Their ability to hide is deceptive

In a typical scenario where speed is the focus, if you’re ever trying to catch or photograph a snake – you’ll discover that snakes can immediately give the impression of dashing off at high speed in the opposite direction where they’ll hide, probably close to you.

The Spotted Bush snake. Hard to follow in the greenstuff.

A common strategy is where they’ll dash into a potential hiding place, and instead of continuing on their ‘lightning’ fast onward rush to freedom as you would assume, they’ll find somewhere very close by to hide, even as they enter the clump of grass or weeds. They then stop, ‘contract’ body length as much as they can, and remain motionless.

A Mozambique Cobra cleverly contracting itself.

The human (or animal) in pursuit, rushes on in the assumed direction of flight, dashes past the hiding snake centimetres away, and frantically scans the assumed escape trail. The chances of locating the fugitive thereafter, are limited unless you’re following a scent trail.

Terminology is usually determined by historically implanted beliefs, so anything that ‘shot’ from here to there, presumably did so at incredible speed. Don’t get confused here: I’m talking about entire body length (linear) speed of the snake, moving from point A to point B. I’m not talking of the speed of the ultimate strike at the prey, which is a different thing altogether. Any true ‘predatorial’ snake that strikes out slowly in order to secure or envenomate its prey (unless it’s a slug or egg eater) will certainly not die of obesity.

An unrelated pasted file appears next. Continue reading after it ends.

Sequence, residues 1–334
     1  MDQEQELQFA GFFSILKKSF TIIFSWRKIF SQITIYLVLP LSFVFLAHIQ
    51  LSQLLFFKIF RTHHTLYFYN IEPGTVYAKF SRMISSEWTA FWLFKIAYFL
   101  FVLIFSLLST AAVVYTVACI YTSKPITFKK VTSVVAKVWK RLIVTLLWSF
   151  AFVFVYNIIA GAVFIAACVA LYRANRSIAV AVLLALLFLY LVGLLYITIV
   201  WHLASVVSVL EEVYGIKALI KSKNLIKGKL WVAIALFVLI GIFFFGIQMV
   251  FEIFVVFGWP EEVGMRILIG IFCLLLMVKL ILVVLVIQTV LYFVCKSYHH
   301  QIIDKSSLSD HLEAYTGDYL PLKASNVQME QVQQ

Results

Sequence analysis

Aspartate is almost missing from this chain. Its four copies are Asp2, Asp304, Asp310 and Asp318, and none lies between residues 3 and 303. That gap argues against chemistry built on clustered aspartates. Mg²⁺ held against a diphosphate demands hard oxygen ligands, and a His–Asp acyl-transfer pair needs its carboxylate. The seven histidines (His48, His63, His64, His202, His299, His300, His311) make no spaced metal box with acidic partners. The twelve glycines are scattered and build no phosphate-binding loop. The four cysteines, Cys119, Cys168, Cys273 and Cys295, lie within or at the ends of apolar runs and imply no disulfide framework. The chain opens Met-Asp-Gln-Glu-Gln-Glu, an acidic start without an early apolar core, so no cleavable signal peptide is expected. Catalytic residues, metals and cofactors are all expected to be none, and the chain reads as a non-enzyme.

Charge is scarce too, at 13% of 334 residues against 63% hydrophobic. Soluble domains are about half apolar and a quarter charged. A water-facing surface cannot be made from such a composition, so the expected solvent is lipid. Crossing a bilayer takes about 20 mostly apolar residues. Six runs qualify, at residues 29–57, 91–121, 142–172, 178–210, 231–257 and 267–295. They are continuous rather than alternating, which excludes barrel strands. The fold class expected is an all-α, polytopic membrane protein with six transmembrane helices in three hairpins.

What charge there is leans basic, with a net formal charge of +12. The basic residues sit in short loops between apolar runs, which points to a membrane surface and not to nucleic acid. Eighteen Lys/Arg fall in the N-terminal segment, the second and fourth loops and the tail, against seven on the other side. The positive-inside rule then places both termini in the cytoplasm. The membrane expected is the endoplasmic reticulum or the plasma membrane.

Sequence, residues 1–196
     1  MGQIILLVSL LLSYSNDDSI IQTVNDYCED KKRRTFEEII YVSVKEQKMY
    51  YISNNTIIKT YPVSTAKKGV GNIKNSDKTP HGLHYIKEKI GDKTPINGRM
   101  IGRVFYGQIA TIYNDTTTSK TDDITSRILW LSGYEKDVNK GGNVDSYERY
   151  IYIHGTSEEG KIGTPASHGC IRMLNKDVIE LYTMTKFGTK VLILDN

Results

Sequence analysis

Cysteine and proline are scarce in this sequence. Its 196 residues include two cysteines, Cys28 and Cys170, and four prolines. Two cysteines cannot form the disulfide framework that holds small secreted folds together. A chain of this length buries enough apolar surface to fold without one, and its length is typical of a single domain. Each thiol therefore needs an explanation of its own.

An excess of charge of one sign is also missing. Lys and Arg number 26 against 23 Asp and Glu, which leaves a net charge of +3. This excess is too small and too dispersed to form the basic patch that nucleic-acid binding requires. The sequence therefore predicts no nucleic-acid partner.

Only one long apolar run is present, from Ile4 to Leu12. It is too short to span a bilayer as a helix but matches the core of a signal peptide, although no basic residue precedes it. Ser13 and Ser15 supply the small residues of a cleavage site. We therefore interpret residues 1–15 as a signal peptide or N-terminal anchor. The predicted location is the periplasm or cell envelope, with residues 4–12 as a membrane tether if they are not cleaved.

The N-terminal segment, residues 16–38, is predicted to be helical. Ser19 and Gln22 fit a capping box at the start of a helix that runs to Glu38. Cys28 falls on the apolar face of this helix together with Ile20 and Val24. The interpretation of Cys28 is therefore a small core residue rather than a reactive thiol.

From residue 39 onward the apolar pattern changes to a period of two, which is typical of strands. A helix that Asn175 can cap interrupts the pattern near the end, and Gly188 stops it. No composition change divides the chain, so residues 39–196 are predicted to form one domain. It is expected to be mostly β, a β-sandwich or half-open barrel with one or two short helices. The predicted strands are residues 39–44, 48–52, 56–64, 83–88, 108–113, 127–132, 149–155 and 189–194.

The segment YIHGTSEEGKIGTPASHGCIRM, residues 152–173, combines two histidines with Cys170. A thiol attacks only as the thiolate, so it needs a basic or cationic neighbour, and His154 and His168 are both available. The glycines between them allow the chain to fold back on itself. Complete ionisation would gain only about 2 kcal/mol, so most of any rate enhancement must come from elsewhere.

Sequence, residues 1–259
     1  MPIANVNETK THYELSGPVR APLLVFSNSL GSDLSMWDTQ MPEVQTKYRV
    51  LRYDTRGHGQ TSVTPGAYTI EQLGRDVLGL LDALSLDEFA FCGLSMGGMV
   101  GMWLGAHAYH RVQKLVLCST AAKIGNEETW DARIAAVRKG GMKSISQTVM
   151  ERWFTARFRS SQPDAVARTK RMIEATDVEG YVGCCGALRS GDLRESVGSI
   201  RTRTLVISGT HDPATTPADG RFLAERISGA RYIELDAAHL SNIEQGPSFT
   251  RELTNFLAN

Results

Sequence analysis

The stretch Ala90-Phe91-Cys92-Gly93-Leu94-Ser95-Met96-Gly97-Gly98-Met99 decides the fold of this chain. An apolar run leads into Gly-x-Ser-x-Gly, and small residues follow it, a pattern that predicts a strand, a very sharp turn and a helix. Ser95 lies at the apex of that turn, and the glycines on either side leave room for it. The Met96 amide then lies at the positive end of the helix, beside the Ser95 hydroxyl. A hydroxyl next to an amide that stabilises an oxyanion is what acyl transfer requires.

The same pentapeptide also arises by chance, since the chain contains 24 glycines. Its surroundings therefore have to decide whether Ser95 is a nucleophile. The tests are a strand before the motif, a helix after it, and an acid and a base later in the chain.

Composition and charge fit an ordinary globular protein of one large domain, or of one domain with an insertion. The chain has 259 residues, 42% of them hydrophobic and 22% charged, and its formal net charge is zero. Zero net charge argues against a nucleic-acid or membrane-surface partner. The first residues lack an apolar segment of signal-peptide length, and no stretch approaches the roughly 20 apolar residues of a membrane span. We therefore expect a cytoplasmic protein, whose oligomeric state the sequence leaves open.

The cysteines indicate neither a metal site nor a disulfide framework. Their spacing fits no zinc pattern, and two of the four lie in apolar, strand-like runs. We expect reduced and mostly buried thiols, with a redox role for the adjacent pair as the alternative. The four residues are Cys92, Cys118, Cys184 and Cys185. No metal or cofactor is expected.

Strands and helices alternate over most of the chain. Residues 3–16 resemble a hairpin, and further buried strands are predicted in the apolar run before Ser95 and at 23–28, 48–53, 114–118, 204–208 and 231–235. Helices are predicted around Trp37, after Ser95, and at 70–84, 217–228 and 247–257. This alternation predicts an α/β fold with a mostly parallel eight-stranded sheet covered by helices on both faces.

Cultural and embedded beliefs Vs the truth

As we’re on the subject of speed relative to snakes, the one snake in our country, probably in the world, that’s believed to be the leader of the pack when it comes to linear speed, must surely be our Black Mamba. The historical terms ’miles per hour’ and ’feet long’ still pertain, so I’ll stick with them, in the apocryphal tale about the farmer on his horse, being pursued for goodness knows how long across his farm, by a huge open-mouthed and angry 14 foot long Black Mamba, at 40 miles per hour.

Some rationale is required here. Firstly, the snake would be much more inclined to head off in the opposite direction in order to evade the rightly perceived threat of the horse and farmer. Secondly, snakes do not have the capacity to produce the amount of oxygen required to allow them to chase anything anywhere for a prolonged period at an oxygen sapping speed.

I’m repeating myself again, but in my many years of working with snakes in the field, I have never been chased by a snake. Warned with attitude, spat at, or hissed at whilst trying to catch them, yes, but never chased. Maybe I didn’t make them cross enough at the time of the encounter (as we sometimes see in video clips on our phones.) But then I guess, you can get a jellyfish to chase you if you make it angry enough. I doubt that there are too many snakes anywhere else in the world, that differ in this aspect.